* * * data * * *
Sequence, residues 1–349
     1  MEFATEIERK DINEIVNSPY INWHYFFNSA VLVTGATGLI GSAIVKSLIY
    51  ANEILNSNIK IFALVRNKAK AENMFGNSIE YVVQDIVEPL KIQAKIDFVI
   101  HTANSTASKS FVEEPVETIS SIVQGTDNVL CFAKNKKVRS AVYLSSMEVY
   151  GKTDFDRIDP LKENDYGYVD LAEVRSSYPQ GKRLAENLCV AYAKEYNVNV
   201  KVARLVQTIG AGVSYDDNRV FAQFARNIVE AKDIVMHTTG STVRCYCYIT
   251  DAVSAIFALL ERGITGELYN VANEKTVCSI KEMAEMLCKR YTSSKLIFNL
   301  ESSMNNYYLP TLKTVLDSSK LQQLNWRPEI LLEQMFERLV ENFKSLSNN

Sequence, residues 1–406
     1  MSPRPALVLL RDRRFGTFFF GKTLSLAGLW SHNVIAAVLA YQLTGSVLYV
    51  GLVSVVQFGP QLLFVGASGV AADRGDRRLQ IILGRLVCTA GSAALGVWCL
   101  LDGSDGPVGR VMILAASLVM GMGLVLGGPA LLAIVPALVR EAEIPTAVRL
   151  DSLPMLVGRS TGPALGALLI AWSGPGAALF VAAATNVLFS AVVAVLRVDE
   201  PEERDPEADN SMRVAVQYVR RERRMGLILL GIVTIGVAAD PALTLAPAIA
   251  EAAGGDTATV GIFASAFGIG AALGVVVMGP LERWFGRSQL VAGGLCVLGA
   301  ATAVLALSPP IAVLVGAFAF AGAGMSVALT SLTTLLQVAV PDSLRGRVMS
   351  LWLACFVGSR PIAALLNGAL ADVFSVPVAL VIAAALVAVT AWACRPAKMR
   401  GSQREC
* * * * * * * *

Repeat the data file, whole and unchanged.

Sequence, residues 1–349
     1  MEFATEIERK DINEIVNSPY INWHYFFNSA VLVTGATGLI GSAIVKSLIY
    51  ANEILNSNIK IFALVRNKAK AENMFGNSIE YVVQDIVEPL KIQAKIDFVI
   101  HTANSTASKS FVEEPVETIS SIVQGTDNVL CFAKNKKVRS AVYLSSMEVY
   151  GKTDFDRIDP LKENDYGYVD LAEVRSSYPQ GKRLAENLCV AYAKEYNVNV
   201  KVARLVQTIG AGVSYDDNRV FAQFARNIVE AKDIVMHTTG STVRCYCYIT
   251  DAVSAIFALL ERGITGELYN VANEKTVCSI KEMAEMLCKR YTSSKLIFNL
   301  ESSMNNYYLP TLKTVLDSSK LQQLNWRPEI LLEQMFERLV ENFKSLSNN

Sequence, residues 1–406
     1  MSPRPALVLL RDRRFGTFFF GKTLSLAGLW SHNVIAAVLA YQLTGSVLYV
    51  GLVSVVQFGP QLLFVGASGV AADRGDRRLQ IILGRLVCTA GSAALGVWCL
   101  LDGSDGPVGR VMILAASLVM GMGLVLGGPA LLAIVPALVR EAEIPTAVRL
   151  DSLPMLVGRS TGPALGALLI AWSGPGAALF VAAATNVLFS AVVAVLRVDE
   201  PEERDPEADN SMRVAVQYVR RERRMGLILL GIVTIGVAAD PALTLAPAIA
   251  EAAGGDTATV GIFASAFGIG AALGVVVMGP LERWFGRSQL VAGGLCVLGA
   301  ATAVLALSPP IAVLVGAFAF AGAGMSVALT SLTTLLQVAV PDSLRGRVMS
   351  LWLACFVGSR PIAALLNGAL ADVFSVPVAL VIAAALVAVT AWACRPAKMR
   401  GSQREC